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Author: The Conversation

From Majority Power to Minority Rights: The influence of religious politics on the Supreme Court

By Morgan Marietta, Associate Professor of Political Science, University of Massachusetts Lowell A movement for religious rights is transforming the place of religion in American public life. From the 1960s until very recently, liberals successfully argued at the Supreme Court that the tyranny of the majority cannot define the lives and experiences of secular citizens. For decades, the court regularly ruled that laws imposed by local majorities enforcing school prayer or religious displays on government property violated the Establishment Clause of the First Amendment, which has been interpreted to mean the government is prohibited from endorsing religion or favoring...

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Dark Money: How campaign funds from undisclosed sources has poisoned the democratic process

By Richard Briffault, Joseph P. Chamberlain Professor of Legislation, Columbia University With the 2020 campaign season upon us, “dark money” is again in the news. Yet most voters remain uninformed about what exactly it is and why the shadow funding is considered such a problem. As a law professor who studies campaign finance, I’d like to answer those questions and explain how improved disclosure laws could shed some light on dark money. 1. What is ‘dark money’? Election campaigns run on money. Money pays for salaries, travel – and especially advertising. Candidates who are not personally wealthy depend on...

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How America’s computer industry got a vital jumpstart from processing the U.S. Census

By David Lindsay Roberts, Adjunct Professor of Mathematics, Prince George’s Community College The U.S. Constitution requires that a population count be conducted at the beginning of every decade. This census has always been charged with political significance, and continues to be. That’s clear from the controversy over the conduct of the upcoming 2020 census. But it is less widely known how important the census has been in developing the U.S. computer industry, a story that I tell in my new book, “Republic of Numbers: Unexpected Stories of Mathematical Americans through History.” Population growth The only use of the census...

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A Shot in the Arm: How the seasonal influenza vaccine prevents the spread of contagious viral infections

By Libby Richards, Associate professor of nursing, Purdue University Flu vaccination prevents millions of flu-related illnesses and deaths annually, but vaccination rates are low for many reasons. During the 2018-2019 flu season, the Centers for Disease Control and Prevention reported that about 45% of U.S. adults received the flu vaccine. While this is an increase of 8% from 2017-2018, it falls way below the national goal of 70% of American adults receiving a flu shot. One of the common myths that leads people to avoid the flu shot is that they think the shot will give them the flu....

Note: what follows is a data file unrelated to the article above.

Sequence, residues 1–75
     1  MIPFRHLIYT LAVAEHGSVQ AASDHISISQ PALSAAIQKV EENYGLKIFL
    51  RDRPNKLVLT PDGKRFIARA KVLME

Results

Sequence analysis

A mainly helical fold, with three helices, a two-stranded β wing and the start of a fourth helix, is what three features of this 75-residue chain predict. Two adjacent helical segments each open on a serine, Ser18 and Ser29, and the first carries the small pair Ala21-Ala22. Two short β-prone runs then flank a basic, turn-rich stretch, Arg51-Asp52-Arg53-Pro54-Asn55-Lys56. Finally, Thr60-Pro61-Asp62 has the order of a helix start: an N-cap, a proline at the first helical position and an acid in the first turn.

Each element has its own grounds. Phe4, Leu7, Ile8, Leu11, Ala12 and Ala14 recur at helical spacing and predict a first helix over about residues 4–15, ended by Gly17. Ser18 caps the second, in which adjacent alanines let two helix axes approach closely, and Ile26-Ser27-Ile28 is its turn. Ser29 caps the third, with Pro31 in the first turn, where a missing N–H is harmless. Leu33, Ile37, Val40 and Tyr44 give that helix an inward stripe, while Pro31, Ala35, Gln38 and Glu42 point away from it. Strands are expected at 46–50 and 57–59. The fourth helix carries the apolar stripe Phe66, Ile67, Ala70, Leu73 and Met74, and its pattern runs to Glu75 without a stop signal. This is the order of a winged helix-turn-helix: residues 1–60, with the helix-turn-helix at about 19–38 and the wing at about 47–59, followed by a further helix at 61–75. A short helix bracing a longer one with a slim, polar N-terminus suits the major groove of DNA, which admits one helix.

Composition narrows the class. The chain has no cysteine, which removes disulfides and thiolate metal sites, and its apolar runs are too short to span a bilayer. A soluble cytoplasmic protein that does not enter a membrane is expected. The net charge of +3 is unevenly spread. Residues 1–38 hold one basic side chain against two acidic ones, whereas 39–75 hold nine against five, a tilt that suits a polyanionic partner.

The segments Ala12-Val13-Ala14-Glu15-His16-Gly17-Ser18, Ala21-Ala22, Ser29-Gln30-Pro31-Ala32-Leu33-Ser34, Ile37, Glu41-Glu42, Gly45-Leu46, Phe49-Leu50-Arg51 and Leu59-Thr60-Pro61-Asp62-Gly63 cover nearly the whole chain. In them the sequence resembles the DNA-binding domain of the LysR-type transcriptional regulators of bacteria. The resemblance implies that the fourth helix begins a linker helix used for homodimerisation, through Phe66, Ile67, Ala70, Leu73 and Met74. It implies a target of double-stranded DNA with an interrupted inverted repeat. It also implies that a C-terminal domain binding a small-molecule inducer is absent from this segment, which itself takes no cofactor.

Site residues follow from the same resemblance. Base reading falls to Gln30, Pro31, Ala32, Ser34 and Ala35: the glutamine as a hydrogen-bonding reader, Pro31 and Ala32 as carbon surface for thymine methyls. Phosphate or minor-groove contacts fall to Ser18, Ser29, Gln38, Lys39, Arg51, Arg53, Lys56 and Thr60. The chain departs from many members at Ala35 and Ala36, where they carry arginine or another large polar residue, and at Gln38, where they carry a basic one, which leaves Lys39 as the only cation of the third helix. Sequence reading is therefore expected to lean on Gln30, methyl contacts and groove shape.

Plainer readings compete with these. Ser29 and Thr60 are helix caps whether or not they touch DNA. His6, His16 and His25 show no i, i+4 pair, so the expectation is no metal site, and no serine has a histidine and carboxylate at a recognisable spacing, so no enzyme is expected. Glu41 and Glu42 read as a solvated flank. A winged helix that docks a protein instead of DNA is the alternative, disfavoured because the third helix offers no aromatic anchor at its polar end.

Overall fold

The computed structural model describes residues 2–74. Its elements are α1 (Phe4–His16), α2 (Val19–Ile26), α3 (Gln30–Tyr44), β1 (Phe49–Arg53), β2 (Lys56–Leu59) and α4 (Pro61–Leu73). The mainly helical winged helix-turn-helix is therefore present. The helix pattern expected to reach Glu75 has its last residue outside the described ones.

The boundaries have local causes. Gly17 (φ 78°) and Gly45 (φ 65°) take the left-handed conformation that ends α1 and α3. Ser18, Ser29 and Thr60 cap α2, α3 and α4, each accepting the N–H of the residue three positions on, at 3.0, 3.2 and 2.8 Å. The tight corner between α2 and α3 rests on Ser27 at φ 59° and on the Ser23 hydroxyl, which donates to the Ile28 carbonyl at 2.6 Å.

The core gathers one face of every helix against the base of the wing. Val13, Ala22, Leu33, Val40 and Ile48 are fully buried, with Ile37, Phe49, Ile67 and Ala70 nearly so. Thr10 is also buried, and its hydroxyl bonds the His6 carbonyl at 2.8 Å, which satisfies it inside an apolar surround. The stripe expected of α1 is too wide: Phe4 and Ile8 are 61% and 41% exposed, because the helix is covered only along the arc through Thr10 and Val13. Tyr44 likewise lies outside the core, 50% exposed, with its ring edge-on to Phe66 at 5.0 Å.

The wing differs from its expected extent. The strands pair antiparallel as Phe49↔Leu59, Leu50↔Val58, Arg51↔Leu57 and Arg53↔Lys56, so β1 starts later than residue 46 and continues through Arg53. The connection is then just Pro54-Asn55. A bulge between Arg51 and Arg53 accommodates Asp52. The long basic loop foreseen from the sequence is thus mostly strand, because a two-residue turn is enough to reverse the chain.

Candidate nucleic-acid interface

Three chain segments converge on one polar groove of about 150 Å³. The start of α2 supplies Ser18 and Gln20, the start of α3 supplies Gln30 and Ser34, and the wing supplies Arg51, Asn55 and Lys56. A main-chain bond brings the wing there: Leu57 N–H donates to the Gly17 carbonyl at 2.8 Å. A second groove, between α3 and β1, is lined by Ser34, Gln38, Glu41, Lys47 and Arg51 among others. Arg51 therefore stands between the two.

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Gaminiscing: Video games are connecting generations by teaches history from personal experiences

By Bob De Schutter, C. Michael Armstrong Professor of Applied Game Design, Miami University It is one thing to learn about history in a classroom. But as any visitor to a living museum or historic site can tell you, a fantastic way to learn is to make a personal connection. In early 2019, media entrepreneur Mati Kochavi and his daughter Maya brought the stories of Eva Heyman, a Hungarian Jew who was murdered in Auschwitz, to social media with the simple question, “What if a girl in the Holocaust had Instagram?” “Eva Stories” was a one-day project told through...

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Cultures since Antiquity have blamed games for causing their social woes

By Lindsay Grace, Knight Chair of Interactive Media; Associate Professor of Communication, University of Miami Video games are often blamed for unemployment, violence in society and addiction – including by partisan politicians raising moral concerns. Blaming video games for social or moral decline might feel like something new. But fears about the effects of recreational games on society as a whole are centuries old. History shows a cycle of apprehension and acceptance about games that is very like events of modern times. From ancient Egyptian hieroglyphs, historians know that the oldest examples of board games trace back to the...

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